The thoracic vertebrae, of which there are 12, make up the middle region of the spine. They span the space between the base of the neck and the bottom of the rib cage.
Located in between the cervical spine (neck) and the lumbar spine (lower back), the thoracic vertebrae are labeled T1 to T12. The thoracic vertebrae attach directly to the rib cage.
Larger than vertebrae in the neck, thoracic vertebrae increase in size as they go down the back because they are required to support more and more weight the farther down the body they’re located. The thoracic vertebrae also have extremely prominent spinous processes, which are the large, bony knobs that protrude from the vertebral body. These processes are important for muscles and ligaments to attach to the spine. If you bend over and run your hand directly down the spine, you will be able to feel the spinous processes.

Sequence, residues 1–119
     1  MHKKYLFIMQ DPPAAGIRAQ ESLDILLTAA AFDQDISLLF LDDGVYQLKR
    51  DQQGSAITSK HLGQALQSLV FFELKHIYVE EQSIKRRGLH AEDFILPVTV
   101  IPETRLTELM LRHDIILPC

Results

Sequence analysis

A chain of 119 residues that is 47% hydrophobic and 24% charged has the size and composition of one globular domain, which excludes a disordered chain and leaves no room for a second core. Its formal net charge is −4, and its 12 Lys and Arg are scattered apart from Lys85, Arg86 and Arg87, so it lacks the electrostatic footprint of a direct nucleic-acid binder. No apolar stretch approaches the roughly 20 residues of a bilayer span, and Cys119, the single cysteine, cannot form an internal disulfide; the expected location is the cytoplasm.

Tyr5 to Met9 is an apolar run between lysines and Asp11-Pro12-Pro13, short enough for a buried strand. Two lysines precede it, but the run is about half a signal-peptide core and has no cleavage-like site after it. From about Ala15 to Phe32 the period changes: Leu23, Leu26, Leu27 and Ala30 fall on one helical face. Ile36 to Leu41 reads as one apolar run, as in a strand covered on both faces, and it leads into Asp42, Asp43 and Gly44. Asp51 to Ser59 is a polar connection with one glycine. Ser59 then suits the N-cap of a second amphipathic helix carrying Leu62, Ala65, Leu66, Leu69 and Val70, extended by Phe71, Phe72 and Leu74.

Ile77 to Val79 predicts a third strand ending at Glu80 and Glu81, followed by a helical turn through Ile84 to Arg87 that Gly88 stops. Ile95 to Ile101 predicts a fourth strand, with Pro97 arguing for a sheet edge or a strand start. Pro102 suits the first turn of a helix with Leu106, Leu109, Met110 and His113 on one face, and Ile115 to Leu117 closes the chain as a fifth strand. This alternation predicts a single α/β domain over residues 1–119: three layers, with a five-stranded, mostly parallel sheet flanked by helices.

The thoracic vertebrae, and thoracic region, are unique in the following ways:
- They attach directly to the rib cage
- This region is less likely to sustain injury because it has the increased protection and stability of the rib cage
- They play a large role in helping the rib cage to support the body’s organs
- The thoracic spinal nerves help control the stomach, liver, lungs, and heart